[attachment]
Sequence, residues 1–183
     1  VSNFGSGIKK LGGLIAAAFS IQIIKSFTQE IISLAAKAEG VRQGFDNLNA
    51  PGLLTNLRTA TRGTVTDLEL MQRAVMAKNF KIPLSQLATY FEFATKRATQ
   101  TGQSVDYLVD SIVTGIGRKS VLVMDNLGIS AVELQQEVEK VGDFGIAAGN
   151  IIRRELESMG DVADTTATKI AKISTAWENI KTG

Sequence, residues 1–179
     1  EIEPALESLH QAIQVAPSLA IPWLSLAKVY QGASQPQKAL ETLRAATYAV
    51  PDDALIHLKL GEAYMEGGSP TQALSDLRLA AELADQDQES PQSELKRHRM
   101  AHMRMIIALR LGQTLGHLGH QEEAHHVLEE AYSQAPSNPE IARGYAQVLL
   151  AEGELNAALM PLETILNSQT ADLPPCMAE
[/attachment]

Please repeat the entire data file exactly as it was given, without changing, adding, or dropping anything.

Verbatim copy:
Sequence, residues 1–183
     1  VSNFGSGIKK LGGLIAAAFS IQIIKSFTQE IISLAAKAEG VRQGFDNLNA
    51  PGLLTNLRTA TRGTVTDLEL MQRAVMAKNF KIPLSQLATY FEFATKRATQ
   101  TGQSVDYLVD SIVTGIGRKS VLVMDNLGIS AVELQQEVEK VGDFGIAAGN
   151  IIRRELESMG DVADTTATKI AKISTAWENI KTG

Sequence, residues 1–179
     1  EIEPALESLH QAIQVAPSLA IPWLSLAKVY QGASQPQKAL ETLRAATYAV
    51  PDDALIHLKL GEAYMEGGSP TQALSDLRLA AELADQDQES PQSELKRHRM
   101  AHMRMIIALR LGQTLGHLGH QEEAHHVLEE AYSQAPSNPE IARGYAQVLL
   151  AEGELNAALM PLETILNSQT ADLPPCMAE